Other journals hooted at the idea of foul play. They claimed the girl had, while walking in Central Park, sat down on the bench, and died either of heart disease or of poison administered by her own hand.
The police authorities maintained an air of[Page 21] impenetrable secrecy, but promised that within a few days they would furnish some startling developments. They did not commit themselves, however, as to their ideas of how the girl met her death. In this they were wise, for the silent man is always credited with knowing a great deal more than the man does who talks, and so the public waited impatiently from day to day, confident the police would soon clear the mystery away.
Hundreds of people visited the Morgue, curious to look upon the dead girl.
Many went there in search of missing friends, hoping and yet dreading that in the mysterious dead girl they would find the one for whom they searched.
People from afar telegraphed for the body to be held until their arrival, but they came and went and the beautiful dead girl was still unidentified.
Penelope Howard and Richard Treadwell[Page 22] were made to figure prominently in all the stories about the beautiful mystery, much to their discomfort. The untiring reporters called to see Penelope at all hours, whenever a fresh theory gave them an excuse to drag her name before the public again, and poor Richard had no peace at his club, at his rooms, or at Penelope’s home. If the reporters were not interviewing him, his friends were asking all manner of questions concerning the strange affair, and pleading repeatedly for the story of the discovery of the body to be told again. Some of his club acquaintances even went so far as to joke him about the girl he had found dead, and there was much quiet smiling among his immediate friends at Dick’s fondness for early walks, a trait first brought to light by his connection with this now celebrated case.
Not the least important figure in the sensation was the Park policeman who found Penelope and Richard bending over the dead[Page 23] girl. He became a very great personage all at once. The meritorious deeds which marked his previous record were the finding of a lost child and the frantically chasing a stray dog, which he imagined was mad, and wildly firing at it—very wide of the mark, it is true—until the poor frightened little thing disappeared in some remote corner.
This officer became the envy of the Park policemen. Daily his name appeared in connection with the case as “the brave officer of the ‘Mystery of Central Park.’” Daily he was pointed out by the people, who thronged to the spot where the girl was found, curious to see the bench and to carry away with them some little memento. He always managed to be near the scene of the mystery during the busy hours of the Park, and the dignity with which he answered questions as to the exact bench, was very impressive.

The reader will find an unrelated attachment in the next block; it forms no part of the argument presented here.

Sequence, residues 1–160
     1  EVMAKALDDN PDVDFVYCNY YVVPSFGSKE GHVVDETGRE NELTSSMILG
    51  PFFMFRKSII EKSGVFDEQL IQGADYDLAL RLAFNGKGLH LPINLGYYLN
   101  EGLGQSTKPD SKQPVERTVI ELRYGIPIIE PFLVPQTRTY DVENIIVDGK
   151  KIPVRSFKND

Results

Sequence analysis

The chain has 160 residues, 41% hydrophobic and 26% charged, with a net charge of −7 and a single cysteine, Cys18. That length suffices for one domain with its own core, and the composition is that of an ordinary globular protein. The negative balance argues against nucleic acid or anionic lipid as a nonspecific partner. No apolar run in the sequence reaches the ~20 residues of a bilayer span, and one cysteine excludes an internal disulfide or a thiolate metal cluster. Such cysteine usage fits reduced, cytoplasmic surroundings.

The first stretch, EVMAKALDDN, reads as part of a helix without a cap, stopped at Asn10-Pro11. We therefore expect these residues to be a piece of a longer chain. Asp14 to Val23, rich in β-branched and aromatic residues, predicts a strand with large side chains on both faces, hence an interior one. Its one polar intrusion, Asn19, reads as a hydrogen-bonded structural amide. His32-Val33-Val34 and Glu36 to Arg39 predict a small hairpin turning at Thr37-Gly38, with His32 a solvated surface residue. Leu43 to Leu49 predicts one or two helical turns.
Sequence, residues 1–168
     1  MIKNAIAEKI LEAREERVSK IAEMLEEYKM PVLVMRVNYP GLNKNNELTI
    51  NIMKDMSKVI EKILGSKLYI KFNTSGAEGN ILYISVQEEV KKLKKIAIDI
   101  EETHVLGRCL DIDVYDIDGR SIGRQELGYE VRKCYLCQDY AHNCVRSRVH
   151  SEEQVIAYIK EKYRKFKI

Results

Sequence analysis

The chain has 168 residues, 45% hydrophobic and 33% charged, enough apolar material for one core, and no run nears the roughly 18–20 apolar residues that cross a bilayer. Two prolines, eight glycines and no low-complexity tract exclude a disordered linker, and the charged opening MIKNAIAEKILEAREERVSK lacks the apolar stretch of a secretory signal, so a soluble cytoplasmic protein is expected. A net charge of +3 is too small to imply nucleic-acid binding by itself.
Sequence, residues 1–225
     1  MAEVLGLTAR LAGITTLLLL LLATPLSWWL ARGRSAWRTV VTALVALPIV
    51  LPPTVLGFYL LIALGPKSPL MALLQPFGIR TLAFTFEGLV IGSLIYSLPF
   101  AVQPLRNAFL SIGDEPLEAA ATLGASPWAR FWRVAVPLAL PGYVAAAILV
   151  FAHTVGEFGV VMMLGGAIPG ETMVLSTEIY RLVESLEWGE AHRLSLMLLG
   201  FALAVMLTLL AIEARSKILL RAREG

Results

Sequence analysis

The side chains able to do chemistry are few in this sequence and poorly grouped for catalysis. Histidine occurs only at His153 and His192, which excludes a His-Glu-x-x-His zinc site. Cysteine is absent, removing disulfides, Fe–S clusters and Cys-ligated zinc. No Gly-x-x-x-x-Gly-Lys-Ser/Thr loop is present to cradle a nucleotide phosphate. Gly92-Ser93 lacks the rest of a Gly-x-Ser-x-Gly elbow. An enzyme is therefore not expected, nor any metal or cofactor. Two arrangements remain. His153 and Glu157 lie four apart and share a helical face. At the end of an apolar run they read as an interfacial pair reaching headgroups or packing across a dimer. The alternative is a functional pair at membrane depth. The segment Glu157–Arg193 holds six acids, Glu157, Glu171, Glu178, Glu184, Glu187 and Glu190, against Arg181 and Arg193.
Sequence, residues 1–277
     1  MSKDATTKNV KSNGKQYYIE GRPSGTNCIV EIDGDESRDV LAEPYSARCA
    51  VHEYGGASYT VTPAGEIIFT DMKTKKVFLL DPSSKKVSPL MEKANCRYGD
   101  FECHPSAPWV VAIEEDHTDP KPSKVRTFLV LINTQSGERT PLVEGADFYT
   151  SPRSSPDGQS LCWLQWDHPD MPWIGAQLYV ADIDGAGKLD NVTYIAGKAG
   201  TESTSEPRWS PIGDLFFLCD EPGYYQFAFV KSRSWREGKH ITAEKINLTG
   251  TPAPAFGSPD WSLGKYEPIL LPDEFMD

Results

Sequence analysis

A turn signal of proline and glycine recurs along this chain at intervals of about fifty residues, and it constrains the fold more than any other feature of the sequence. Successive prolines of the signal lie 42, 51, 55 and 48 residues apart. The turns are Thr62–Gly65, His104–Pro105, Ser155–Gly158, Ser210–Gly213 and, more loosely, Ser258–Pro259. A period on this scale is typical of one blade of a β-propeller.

But the officer’s pride at being connected[Page 24] with such a sensational case was not to be wondered at.
Rarely had New York been so stirred to its depth over a mysterious death. The newspapers published the most minute descriptions of the dead girl’s dainty silk underwear, of her exquisitely made Directoire dress, of her Suéde shoes, the silver handled La Tosca sunshade, and more particularly did they dwell on descriptions of her dainty feet and tiny hands, of her perfect features and masses of beautiful yellow hair.
There was every indication of refinement and luxury about her.
How came it, then, that a being of such beauty and grace could have no one who missed her; could have no one to search frantically the wide world for her?
The day of the inquest came.
Penelope, accompanied by her aunt and Richard, were forced to be present. Penelope[Page 25] in a very steady voice told how they found the body, and she was questioned and cross-questioned as to the reason why she should have become so interested in the sight of an apparently sleeping girl as to accost her.
It was a most unusual thing.
Did she not think that it had been suggested by the young man who accompanied her?
Penelope’s cheeks burned and she became very indignant at their efforts to connect Richard more closely with the case, and she related all that had transpired after they spoke of the girl with such minuteness and ease, that it was hinted afterwards that she had studied the story in order to protect the culprit.
Poor Richard came next.
His story did not differ from Penelope’s, and while no one said in so many words that they suspected him of knowing more[Page 26] than he divulged, yet he felt their suspicions and accusations in every question and every look.
A very knowing newspaper had that same morning published a long story, relating instances where murderers could not remain away from their victims, and always returned to the spot, in many cases pretending to be the discoverer of the murder. The story finished by demanding that the authorities decide at the inquest whose hand was in the murder of the beautiful young girl.
Dick, remembering all this, felt his heart swell with indignation at the tones of his examiner.